Linked by Thom Holwerda on Fri 25th Oct 2013 22:36 UTC
PDAs, Cellphones, Wireless

Systena began shipping what appears to be the first new mobile device to run the Linux-based Tizen OS. Aimed at developers in Japan, the Systena tablet runs Tizen 2.1 on a quad-core, 1.4GHz Cortex-A9 system-on-chip, features a 10.1-inch (1920 x 1200) display, and offers 2GB of RAM and 32GB of storage.

Is anyone here using Tizen? Is there even something you can run it on besides this tablet?

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Intentions
by Jbso on Sat 26th Oct 2013 16:12 UTC
Jbso
Member since:
2013-01-05

Given the string of delays, I can't help but wonder if Samsung has abandoned the idea of Tizen as smartphone OS and is instead looking for other viable markets. I know the Tizen website mentions in-car infotainment (whatever that is).

It could also be just a backup plan for any scenario they might need an OS and not have a suitable one available. But it's hard to think they plan to dethrone Android with such a lack of urgency.

Reply Score: 2

RE: Intentions
by Bill Shooter of Bul on Sat 26th Oct 2013 19:29 in reply to "Intentions"
Bill Shooter of Bul Member since:
2006-07-14

Android is already picking up steam in the automotive infotainment sector ( infotainment means it is the primary interface for the stereo, navigation, heating, cooling, and many other car functions. There are other systems in place right now, but Android looks fairly attractive to many people in the space.

Reply Parent Score: 4

RE: Intentions
by leos on Sat 26th Oct 2013 21:54 in reply to "Intentions"
leos Member since:
2005-09-21

Given the string of delays, I can't help but wonder if Samsung has abandoned the idea of Tizen as smartphone OS and is instead looking for other viable markets. I know the Tizen website mentions in-car infotainment (whatever that is).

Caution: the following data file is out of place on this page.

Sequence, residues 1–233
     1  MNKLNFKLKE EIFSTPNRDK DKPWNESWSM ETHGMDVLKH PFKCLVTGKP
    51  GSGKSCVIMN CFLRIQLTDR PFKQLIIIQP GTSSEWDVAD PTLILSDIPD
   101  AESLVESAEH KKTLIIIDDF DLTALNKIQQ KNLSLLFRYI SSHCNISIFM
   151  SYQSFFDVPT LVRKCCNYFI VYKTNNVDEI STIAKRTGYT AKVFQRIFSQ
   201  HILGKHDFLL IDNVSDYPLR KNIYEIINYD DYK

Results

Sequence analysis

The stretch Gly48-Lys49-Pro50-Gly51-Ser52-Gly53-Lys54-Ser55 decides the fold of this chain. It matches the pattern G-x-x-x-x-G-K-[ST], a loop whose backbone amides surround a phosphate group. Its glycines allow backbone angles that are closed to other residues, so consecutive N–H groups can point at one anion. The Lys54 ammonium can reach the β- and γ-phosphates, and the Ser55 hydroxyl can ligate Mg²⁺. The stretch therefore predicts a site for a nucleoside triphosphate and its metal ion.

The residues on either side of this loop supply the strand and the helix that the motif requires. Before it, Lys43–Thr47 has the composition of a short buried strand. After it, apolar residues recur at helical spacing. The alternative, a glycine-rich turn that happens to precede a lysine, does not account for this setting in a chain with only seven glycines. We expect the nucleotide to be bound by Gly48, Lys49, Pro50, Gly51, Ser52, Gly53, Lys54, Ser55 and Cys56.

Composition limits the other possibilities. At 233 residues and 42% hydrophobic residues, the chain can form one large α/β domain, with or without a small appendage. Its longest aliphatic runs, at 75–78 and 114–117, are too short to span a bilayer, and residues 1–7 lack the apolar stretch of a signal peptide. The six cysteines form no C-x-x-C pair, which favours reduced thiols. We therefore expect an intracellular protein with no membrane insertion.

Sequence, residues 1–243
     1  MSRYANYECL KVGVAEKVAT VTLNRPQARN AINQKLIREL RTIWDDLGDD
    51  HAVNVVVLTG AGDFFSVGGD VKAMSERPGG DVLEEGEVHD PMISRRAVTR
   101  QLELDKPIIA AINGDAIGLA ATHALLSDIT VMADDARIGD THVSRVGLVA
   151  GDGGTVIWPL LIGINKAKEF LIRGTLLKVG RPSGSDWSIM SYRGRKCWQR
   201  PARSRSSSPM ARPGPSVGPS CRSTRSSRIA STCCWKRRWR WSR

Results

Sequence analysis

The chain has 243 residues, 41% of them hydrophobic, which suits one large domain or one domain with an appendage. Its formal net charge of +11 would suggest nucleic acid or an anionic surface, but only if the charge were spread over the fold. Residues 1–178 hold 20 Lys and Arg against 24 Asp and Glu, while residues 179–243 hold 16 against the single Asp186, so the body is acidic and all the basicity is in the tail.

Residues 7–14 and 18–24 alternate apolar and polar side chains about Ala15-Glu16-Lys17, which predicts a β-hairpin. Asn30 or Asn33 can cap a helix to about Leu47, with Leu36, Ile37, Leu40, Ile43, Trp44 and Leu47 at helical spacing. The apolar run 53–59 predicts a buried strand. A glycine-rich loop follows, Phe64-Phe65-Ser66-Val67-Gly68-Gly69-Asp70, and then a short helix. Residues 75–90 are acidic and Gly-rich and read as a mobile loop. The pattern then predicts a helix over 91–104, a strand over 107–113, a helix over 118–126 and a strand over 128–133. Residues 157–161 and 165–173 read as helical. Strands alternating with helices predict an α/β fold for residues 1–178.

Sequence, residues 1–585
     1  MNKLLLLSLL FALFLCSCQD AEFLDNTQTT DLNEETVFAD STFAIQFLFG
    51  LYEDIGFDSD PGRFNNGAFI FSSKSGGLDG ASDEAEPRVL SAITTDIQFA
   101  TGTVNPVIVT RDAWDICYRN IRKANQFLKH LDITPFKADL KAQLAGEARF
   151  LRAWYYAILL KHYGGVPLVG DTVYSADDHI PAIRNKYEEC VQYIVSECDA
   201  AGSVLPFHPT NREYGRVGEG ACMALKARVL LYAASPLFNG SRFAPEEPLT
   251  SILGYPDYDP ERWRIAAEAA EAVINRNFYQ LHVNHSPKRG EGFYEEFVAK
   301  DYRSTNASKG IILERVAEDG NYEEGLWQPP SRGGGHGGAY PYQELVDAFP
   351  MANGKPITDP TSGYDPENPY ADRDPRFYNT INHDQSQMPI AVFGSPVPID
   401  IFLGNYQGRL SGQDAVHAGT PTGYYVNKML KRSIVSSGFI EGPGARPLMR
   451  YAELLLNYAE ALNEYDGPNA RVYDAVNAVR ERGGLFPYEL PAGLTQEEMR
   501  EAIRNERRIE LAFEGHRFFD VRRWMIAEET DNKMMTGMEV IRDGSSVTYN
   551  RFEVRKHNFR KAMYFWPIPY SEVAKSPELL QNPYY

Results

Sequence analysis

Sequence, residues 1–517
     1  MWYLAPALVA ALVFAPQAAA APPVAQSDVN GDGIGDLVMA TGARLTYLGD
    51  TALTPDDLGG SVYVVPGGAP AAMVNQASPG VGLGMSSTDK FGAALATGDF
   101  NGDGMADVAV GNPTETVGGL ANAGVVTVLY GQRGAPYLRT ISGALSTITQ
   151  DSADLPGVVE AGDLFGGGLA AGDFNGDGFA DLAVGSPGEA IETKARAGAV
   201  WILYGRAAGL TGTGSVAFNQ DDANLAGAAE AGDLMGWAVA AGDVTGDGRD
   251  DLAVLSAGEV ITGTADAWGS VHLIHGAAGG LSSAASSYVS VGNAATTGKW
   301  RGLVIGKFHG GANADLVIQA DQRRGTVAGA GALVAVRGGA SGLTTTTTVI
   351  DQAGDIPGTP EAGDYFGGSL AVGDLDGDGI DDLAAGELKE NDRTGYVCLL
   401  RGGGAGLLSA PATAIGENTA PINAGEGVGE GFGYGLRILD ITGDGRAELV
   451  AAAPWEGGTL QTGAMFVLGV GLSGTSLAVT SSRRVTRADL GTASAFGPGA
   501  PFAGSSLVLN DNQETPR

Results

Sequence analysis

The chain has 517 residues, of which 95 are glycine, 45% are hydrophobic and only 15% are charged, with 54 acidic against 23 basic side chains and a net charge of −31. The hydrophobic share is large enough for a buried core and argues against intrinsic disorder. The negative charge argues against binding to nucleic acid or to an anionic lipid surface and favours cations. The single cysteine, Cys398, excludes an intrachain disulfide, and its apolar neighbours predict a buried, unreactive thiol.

It could also be just a backup plan for any scenario they might need an OS and not have a suitable one available. But it's hard to think they plan to dethrone Android with such a lack of urgency.


Tizen is part of Samsung's risk management plan. It's very unlikely that they would actually push it, but they keep it on simmer as a relatively cheap way to have a backup in case something catastrophic happened with Android (burdensome patent issues, Google pulling out, whatever). So they keep Tizen around with a couple hundred thousand a year investment as a backup plan that could be pushed into shape if necessary.

Reply Parent Score: 3

RE[2]: Intentions
by darknexus on Sun 27th Oct 2013 05:52 in reply to "RE: Intentions"
darknexus Member since:
2008-07-15

Tizen is part of Samsung's risk management plan. It's very unlikely that they would actually push it, but they keep it on simmer as a relatively cheap way to have a backup in case something catastrophic happened with Android (burdensome patent issues, Google pulling out, whatever). So they keep Tizen around with a couple hundred thousand a year investment as a backup plan that could be pushed into shape if necessary.

Even that doesn't make sense, seeing as how Samsung could easily just decouple Android from Google and run their own ecosystem from it which is something they'd have to do with Tizen anyway.

Reply Parent Score: 4